For over a year now the hype surrounding Paul Thomas Anderson’s next drama, Inherent Vice, has been building. What can you expect? It’s a twisted, debauched tale that’s got all the hallmarks of a cult classic. The director’s star-studded effort will finally be granted its first audience next weekend at the New York Film Festival and we can’t wait to hear how it’s received.
Based on the novel by Thomas Pynchon, the movie’s ensemble stars Joaquin Phoenix in the lead as Doc Sportello, a scruffy, pot-smoking P.I. investigating the disappearance of his girlfriend. Josh Brolin is on board to give him him grief as a grizzled cop, with Benicio Del Toro channeling his Gonzo persona as druggie lawyer Sauncho. Owen Wilson, Jena Malone, Martin Short and Reese Witherspoon round out the cast.
The first glimpse at Witherspoon arrives today, to remind us all that this movie is set in the 70s. As Deputy District Attorney Penny Kimball, she’s seen trading banter with Doc.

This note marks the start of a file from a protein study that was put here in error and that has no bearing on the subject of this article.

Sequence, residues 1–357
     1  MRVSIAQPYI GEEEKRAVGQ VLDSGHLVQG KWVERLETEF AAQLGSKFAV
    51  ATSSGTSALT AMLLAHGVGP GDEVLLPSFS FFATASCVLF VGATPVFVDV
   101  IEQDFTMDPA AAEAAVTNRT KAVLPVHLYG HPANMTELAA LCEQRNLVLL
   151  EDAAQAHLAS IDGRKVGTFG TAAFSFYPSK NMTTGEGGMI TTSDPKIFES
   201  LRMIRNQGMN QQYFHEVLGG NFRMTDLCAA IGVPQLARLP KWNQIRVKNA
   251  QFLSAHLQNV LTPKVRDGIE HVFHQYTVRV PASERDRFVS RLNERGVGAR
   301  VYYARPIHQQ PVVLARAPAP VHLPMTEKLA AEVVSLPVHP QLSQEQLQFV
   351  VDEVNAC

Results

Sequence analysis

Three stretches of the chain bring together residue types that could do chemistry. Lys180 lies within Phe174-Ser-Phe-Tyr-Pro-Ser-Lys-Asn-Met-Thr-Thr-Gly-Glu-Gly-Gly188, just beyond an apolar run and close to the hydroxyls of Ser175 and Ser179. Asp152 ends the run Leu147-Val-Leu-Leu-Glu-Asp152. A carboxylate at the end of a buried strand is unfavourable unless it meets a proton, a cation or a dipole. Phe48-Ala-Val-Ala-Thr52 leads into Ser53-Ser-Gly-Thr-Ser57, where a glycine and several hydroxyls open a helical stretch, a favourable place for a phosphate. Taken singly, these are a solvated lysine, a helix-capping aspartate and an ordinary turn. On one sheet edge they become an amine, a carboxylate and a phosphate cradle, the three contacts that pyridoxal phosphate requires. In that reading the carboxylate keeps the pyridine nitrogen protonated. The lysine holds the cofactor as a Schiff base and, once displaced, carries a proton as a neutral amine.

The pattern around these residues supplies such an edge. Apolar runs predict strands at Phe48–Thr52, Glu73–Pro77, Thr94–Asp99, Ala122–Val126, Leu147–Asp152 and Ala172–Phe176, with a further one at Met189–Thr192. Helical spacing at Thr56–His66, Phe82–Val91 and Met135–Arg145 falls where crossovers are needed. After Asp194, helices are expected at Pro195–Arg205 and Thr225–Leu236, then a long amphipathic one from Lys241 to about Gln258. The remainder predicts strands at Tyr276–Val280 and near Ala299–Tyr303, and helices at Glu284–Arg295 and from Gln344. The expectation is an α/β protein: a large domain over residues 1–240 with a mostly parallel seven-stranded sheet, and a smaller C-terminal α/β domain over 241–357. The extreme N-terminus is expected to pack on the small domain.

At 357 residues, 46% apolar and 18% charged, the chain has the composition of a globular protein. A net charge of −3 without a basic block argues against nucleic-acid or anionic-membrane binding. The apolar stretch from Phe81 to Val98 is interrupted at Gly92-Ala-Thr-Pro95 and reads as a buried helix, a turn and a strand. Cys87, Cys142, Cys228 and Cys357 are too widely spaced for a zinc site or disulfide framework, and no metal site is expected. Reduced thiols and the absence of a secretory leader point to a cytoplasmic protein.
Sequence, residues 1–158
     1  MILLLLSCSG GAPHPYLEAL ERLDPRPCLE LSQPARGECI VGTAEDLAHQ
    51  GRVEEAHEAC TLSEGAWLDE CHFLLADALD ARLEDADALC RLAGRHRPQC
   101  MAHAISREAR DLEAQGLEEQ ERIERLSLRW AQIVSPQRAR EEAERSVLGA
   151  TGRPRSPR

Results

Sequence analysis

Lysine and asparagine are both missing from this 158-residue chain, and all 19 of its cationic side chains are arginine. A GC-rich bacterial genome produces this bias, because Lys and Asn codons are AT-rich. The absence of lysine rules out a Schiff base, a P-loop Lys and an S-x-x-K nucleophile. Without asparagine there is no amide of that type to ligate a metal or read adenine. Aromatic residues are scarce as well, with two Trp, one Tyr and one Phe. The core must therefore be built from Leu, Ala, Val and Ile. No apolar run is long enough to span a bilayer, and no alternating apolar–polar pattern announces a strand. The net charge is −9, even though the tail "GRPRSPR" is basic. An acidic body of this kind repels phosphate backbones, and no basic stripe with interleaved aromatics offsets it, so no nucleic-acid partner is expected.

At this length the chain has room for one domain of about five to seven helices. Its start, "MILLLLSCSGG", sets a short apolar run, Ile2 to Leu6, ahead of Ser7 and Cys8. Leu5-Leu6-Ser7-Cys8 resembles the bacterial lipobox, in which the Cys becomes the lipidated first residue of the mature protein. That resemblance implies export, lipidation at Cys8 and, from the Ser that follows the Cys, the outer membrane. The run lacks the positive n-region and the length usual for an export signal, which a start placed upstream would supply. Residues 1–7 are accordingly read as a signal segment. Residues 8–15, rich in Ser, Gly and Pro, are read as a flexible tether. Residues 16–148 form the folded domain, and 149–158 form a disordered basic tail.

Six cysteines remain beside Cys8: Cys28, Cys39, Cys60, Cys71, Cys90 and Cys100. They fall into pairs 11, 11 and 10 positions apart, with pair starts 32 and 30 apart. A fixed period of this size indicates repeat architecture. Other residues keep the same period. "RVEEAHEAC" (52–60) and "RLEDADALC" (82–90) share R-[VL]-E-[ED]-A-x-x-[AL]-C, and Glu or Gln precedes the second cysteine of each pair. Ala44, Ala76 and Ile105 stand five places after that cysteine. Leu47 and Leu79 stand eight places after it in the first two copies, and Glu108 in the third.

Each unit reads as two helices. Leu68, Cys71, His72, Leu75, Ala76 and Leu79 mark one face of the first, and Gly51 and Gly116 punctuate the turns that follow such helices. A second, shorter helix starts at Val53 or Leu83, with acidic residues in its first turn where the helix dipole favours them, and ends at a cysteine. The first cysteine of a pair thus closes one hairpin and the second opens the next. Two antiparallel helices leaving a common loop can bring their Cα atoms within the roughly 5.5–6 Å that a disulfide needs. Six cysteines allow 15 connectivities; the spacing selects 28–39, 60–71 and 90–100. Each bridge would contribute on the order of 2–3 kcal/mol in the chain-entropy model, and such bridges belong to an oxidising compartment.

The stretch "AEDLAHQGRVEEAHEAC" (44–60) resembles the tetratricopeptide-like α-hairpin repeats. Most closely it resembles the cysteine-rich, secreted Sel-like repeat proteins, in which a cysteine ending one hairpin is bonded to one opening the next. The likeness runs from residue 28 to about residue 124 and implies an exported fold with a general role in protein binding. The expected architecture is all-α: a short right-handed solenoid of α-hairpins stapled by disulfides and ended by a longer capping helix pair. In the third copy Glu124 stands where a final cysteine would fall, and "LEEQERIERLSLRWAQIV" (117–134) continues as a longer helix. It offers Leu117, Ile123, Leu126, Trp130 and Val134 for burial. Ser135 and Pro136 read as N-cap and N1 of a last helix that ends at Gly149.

We can expect more information on the movie, and early buzzy reviews (we hope!) by the end of next week. Its widespread release won’t come until two months after its NYFF premiere – so we’re confident that a trailer will hit the web shortly.
Inherent Vice debuts at the New York Film Festival October 4th, and hits theatres on December 12th.
“Inherent Vice” is the seventh feature from Paul Thomas Anderson and the first ever film adaption of a Thomas Pynchon novel. When private eye Doc Sportello’s ex-old lady suddenly out of nowhere shows up with a story about her current billionaire land developer boyfriend whom she just happens to be in love with, and a plot by his wife and her boyfriend to kidnap that billionaire and throw him in a looney bin…well, easy for her to say. It’s the tail end of the psychedelic `60s and paranoia is running the day and Doc knows that “love” is another of those words going around at the moment, like “trip” or “groovy,” that’s being way too overused – except this one usually leads to trouble. With a cast of characters that includes surfers, hustlers, dopers and rockers, a murderous loan shark, LAPD Detectives, a tenor sax player working undercover, and a mysterious entity known as the Golden Fang, which may only be a tax dodge set up by some dentists… Part surf noir, part psychedelic romp – all Thomas Pynchon.”
Source: The Film Stage